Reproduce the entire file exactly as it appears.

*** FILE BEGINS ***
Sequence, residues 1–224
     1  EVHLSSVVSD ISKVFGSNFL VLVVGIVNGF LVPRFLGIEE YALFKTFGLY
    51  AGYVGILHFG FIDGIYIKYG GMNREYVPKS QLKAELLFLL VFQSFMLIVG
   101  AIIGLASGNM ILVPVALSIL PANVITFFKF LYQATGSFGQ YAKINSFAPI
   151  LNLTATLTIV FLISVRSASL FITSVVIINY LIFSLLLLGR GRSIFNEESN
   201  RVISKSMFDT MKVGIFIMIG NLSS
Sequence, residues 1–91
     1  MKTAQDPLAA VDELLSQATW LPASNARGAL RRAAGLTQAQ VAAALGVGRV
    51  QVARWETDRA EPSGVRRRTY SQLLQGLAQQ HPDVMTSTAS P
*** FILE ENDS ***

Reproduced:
Sequence, residues 1–224
     1  EVHLSSVVSD ISKVFGSNFL VLVVGIVNGF LVPRFLGIEE YALFKTFGLY
    51  AGYVGILHFG FIDGIYIKYG GMNREYVPKS QLKAELLFLL VFQSFMLIVG
   101  AIIGLASGNM ILVPVALSIL PANVITFFKF LYQATGSFGQ YAKINSFAPI
   151  LNLTATLTIV FLISVRSASL FITSVVIINY LIFSLLLLGR GRSIFNEESN
   201  RVISKSMFDT MKVGIFIMIG NLSS
Sequence, residues 1–91
     1  MKTAQDPLAA VDELLSQATW LPASNARGAL RRAAGLTQAQ VAAALGVGRV
    51  QVARWETDRA EPSGVRRRTY SQLLQGLAQQ HPDVMTSTAS P